This week on our podcast Matt McCoy interviews Bwack, former long time drummer for David Crowder and now with The Digital Age, he discusses his experiences with using loops, tracks, and multitracks in live worship.

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by Wade Huggins

Loops and multi-tracks are a tool – just like your guitar or keyboard. They can be used to truly improve the overall sound of your band. However, if you do not use the tools correctly, they can become a distraction and cause a great deal of frustration. Get the best out of the technology by using some of these techniques.

  1. Prepare your tracks. This sounds obvious but I have made this mistake myself. The week gets busy and you forget to go through and make sure everything is set up. As leaders, we have to prepare for rehearsal more than we expect our team to prepare. Rehearse going through the setlist – triggering the loops (regardless if you are actually the person triggering them). You wouldn’t show up to rehearsal with two broken guitar strings you have to change out. Show up with your Ableton set (or LC Prime) ready and tested to go!
  2. Give the team an accurate song map of the song (before rehearsal). There are several ways to do this. If you are using planningcenteronline.com or something like it, consider uploading an .mp3 of the actual multi-track split file so the band can practice with the actual form of the song (with the right cues and click) that will be used in the service. Email is another great tool! A lot of times, I’ll send the band an email the day of rehearsal so they know what I’m looking for in a particular song and I don’t have to spend time at rehearsal talking them through builds, transitions, and forms. Most worship teams have one rehearsal, a sound check, and then it’s go time. The more you can do to clarify the form of the song and service BEFOREHAND the better off you will be and the more effective your rehearsals will run.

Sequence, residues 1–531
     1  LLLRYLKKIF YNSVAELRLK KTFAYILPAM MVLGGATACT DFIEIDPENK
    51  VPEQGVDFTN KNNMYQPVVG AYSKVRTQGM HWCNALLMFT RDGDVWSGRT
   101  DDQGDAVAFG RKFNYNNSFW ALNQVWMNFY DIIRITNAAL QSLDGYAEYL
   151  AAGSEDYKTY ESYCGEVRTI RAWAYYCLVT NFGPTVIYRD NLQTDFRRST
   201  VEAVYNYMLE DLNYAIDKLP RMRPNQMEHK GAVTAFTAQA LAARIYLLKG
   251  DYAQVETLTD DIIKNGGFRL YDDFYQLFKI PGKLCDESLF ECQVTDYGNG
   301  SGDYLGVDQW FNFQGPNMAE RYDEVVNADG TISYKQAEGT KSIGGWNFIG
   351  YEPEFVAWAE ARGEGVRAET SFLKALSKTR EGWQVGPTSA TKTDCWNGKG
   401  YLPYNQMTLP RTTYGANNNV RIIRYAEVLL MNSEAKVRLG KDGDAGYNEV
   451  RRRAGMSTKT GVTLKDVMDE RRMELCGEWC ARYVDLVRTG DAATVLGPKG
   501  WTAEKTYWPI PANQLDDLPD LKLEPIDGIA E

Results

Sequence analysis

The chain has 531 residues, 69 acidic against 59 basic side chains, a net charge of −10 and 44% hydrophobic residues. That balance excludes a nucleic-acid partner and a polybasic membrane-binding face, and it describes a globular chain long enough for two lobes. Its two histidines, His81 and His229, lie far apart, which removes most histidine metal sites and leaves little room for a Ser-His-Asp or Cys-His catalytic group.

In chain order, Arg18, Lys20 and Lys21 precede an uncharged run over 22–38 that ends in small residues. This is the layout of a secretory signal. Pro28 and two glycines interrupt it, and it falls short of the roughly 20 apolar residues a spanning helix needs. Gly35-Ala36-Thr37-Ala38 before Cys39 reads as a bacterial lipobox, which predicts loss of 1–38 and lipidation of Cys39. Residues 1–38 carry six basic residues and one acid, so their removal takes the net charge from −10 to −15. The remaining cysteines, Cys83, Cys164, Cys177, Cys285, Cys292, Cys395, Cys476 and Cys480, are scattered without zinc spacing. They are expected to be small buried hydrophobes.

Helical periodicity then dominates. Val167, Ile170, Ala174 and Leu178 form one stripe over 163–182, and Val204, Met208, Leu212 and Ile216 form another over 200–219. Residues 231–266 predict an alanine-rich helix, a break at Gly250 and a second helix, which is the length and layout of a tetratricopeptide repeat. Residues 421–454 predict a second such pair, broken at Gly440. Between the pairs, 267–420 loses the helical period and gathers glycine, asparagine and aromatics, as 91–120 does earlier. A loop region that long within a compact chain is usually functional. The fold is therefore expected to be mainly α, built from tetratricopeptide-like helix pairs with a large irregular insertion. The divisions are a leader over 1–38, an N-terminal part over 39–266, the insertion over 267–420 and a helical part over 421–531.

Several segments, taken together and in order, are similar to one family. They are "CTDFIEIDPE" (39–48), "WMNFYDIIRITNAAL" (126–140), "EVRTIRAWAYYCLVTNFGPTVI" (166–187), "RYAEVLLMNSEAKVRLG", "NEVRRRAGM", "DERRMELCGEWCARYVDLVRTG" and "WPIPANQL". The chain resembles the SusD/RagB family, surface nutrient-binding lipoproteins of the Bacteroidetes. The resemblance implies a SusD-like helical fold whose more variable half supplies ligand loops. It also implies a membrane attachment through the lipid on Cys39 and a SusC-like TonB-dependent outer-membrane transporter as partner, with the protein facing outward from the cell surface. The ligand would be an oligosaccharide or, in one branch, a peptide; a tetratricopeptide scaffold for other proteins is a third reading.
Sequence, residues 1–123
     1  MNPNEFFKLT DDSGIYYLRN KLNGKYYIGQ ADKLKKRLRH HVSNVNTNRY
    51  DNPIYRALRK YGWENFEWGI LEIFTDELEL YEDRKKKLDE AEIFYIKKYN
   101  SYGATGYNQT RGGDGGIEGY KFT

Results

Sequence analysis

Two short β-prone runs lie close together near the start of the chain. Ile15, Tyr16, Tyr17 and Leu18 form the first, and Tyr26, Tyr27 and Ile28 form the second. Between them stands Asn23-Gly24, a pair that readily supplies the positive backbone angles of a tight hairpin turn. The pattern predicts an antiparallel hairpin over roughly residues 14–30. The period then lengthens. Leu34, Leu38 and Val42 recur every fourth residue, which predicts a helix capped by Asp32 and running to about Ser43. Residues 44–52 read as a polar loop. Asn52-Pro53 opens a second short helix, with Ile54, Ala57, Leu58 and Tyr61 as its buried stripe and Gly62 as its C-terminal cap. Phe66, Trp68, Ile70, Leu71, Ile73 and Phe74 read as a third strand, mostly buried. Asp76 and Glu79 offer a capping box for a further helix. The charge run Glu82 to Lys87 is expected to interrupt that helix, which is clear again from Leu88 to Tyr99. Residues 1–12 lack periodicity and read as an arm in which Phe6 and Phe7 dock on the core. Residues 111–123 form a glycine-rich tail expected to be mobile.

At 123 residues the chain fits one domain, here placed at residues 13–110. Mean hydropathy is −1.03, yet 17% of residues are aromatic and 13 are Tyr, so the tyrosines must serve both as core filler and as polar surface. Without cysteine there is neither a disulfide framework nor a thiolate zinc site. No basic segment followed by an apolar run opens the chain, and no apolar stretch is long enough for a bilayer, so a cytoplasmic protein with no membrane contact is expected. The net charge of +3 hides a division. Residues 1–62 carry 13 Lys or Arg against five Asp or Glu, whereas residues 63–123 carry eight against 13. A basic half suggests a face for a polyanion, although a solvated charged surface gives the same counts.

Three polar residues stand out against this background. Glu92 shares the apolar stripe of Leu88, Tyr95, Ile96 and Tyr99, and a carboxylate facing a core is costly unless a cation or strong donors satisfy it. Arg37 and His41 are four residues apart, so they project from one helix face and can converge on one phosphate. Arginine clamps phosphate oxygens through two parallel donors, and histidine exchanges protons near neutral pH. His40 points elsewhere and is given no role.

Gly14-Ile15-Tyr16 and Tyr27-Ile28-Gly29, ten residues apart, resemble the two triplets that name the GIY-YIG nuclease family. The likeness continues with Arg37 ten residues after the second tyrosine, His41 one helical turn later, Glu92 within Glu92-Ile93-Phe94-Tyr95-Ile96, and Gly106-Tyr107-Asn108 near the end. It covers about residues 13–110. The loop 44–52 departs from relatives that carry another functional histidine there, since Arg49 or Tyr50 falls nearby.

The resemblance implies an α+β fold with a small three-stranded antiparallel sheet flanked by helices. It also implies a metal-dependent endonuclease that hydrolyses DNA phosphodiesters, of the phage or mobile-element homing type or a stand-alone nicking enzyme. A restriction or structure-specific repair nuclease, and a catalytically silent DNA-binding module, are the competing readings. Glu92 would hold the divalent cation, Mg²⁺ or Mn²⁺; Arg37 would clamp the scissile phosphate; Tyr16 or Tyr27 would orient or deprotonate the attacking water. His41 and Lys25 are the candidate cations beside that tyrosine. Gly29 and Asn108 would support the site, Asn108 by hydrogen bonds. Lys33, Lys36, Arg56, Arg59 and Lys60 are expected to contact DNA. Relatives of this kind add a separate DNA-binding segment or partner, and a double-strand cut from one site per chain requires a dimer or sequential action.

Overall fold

3. First run through the song, from beginning to end. No stopping! When I was first using loops and multi-tracks, we would get to a place in the song where we got lost or messed up a transition and I would stop, explain what happened, tell them what I was looking for, and then I’d have to navigate through the track to get us back at that same spot and we would run it from there (or even more time consuming, start over from the beginning). This made sense to me at first because it was how I used to run rehearsals before I started using loops and multi-tracks. Without loops, you could mess up and stop, then immediately pick up where you left off. What I have learned in this is basic – most musicians know when they messed up and what they need to do to fix it. Since I started doing this, my team knows that we will run through the song from start to finish. If we mess up, we all take a mental note. After we have been through the first time, I’ll touch on the places where we made mistakes and clarify what we need to do. Then we move on. It helps rehearsals be much more productive and efficient. It also teaches your team to keep going even when you make a mistake.
  4. Run trouble spots with only a click. Set up a way to solo just the click track and run trouble spots without the loop. It is sometimes beneficial to take the loop out and touch on spots. Less instrumentation helps the band hear the individual parts and get tight as a group without the loop. As a leader, you’ll also hear things you might not hear with the loop blaring in your ear.
  5. Practice Transitions. This is equally important as getting through the form, maybe more important. Make sure you take the time to run the transition several times with the band before you move on to the next song.
  6. Make sure everyone can hear the click/cues. Ask them, “Can you hear the cues? Click?” I have found cues and click to be one of the most helpful tools for rehearsal efficiency. Another thing you can do from time to time is record custom cues where you talk through the song and throw it in the cues track to give extra direction for rehearsal. This is especially helpful for songs that are a little more complex or for if you want to do something different than the original track.

Any other thoughts? I’d love to hear how you use tracks in rehearsal!